Join Keith McCormick for an in-depth discussion in this video Understand integration, part of The Essential Elements of Predictive Analytics and Data Mining.
- [Keith] Something that every project needs and benefits from is extensive data integration. Now, I know that we might think that, through data warehouses, tools that engage an automated data blending and the like, that this problem is somewhat resolved, but in my experience, it really isn't. In order to have a successful project, you want as many different sources of data throughout the organization as possible.
And although the effort to break down so-called data silos has been ongoing for many years, there's still more work to be done in that area. So on a typical real-world project, I'll be combining about six to 20 different sources of data. Something that folks usually are afraid to get into, not through lack of ambition but because they think they won't have enough time, is to incorporate external data, weather data, all kinds of different things, unstructured data, right? This does add to the effort, but it almost always pays off for the simple basic notion, the harder it is to integrate this data, the better the project is going to be because the data that is already easily integrated and automatically blended is already being examined.
It's working its way into business intelligence reports, it's being reviewed on a daily basis. So insights that involve sources of data that have already been successfully combined are baked into the cake, so to speak. It's really by breaking down these silos and combining data that's never been successfully combined before that you can get those surprising insights that can make or break a project. Let me give you a quick example. I was working on a cell phone churn project some years ago and I wasn't able to get access to dropped calls.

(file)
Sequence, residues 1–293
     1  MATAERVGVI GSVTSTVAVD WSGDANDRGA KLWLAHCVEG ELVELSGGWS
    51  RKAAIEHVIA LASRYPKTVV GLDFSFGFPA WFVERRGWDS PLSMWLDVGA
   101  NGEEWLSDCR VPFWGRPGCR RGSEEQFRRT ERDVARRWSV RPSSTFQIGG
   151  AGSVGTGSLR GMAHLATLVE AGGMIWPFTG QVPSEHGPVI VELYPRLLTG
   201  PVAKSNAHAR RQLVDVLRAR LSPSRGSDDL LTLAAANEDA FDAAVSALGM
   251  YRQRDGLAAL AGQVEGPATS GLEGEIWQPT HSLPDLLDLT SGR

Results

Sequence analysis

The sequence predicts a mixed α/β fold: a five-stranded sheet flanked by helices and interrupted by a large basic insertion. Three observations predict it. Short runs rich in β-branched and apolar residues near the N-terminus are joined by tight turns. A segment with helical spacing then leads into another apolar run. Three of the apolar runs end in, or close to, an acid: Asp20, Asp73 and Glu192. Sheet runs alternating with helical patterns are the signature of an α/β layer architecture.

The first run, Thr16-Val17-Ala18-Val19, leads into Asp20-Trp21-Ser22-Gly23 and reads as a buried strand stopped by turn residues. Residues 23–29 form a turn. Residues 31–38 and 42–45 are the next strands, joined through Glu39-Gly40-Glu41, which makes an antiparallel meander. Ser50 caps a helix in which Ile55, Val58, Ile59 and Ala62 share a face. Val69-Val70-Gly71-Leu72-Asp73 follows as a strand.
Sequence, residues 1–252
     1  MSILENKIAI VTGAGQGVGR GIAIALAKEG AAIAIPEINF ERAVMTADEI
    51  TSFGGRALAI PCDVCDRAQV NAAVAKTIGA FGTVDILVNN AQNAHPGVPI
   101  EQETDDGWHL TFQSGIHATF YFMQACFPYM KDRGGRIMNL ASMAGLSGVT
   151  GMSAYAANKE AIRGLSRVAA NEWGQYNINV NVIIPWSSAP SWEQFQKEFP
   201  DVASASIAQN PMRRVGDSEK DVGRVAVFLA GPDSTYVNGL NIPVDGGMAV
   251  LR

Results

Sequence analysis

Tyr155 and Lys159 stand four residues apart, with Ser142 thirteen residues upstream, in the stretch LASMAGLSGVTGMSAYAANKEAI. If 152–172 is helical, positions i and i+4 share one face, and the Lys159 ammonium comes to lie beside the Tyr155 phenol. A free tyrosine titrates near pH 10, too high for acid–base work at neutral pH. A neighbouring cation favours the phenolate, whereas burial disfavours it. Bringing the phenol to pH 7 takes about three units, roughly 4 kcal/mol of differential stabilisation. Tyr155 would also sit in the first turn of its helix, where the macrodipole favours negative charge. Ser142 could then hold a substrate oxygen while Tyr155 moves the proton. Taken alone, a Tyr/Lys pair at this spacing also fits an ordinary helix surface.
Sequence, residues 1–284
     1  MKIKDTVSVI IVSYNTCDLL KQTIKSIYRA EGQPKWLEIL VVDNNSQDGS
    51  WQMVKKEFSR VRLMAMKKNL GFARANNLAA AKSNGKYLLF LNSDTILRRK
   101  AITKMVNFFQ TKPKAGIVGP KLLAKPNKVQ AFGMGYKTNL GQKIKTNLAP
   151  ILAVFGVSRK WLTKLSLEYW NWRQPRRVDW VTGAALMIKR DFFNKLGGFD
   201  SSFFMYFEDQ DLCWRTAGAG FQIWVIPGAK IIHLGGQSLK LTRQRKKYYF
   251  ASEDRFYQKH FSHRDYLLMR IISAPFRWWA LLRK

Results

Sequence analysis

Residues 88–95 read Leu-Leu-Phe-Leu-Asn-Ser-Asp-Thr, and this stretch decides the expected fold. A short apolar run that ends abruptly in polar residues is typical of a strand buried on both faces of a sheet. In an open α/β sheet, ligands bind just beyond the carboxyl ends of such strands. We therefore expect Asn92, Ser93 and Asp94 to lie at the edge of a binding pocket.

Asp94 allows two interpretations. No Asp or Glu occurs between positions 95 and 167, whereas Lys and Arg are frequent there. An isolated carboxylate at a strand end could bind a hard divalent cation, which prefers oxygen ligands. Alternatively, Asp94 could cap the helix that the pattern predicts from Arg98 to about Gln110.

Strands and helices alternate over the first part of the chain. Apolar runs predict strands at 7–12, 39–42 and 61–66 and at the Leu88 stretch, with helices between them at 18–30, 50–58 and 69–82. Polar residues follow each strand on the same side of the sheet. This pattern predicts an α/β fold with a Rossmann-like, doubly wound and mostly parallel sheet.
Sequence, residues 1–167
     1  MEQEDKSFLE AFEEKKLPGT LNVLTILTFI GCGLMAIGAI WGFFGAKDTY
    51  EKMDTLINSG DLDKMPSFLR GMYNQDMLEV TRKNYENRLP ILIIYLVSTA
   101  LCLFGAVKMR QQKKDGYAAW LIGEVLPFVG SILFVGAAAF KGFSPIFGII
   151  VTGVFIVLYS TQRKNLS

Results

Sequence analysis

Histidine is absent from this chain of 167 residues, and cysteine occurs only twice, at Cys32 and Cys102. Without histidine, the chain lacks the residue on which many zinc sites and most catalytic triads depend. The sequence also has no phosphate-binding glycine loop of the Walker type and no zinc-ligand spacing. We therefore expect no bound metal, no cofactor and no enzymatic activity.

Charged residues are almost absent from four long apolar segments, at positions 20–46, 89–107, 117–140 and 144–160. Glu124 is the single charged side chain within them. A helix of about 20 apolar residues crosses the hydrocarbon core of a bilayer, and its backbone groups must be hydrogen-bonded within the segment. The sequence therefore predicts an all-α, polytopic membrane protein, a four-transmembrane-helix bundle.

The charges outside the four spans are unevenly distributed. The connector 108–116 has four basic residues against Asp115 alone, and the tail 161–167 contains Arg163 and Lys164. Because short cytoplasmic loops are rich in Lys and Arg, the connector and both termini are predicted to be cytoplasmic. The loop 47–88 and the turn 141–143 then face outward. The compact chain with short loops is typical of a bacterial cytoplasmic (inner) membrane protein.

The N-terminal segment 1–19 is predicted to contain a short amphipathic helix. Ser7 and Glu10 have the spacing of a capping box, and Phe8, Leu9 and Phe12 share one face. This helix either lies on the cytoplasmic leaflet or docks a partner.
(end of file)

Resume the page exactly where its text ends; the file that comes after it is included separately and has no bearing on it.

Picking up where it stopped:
Might sound surprising at first. Well, I was working with the customer relations management team and, as the engineers explained to me, they said, "Keith, "customers don't have dropped calls, towers do." So I had to involve the engineers to get at that data. Now, as it turns out, it wasn't a top-10 variable, but it was in the top 50 and it did get incorporated into the final model. If you do that with dozens of variables, it's going to pay off in the end.
- What makes a successful predictive analytics project?
- Defining the problem
- Selecting the data
- Acquiring resources: team, budget, and SMEs
- Dealing with missing data
- Finding the solution
- Putting the solution to work
- Overview of CRISP-DM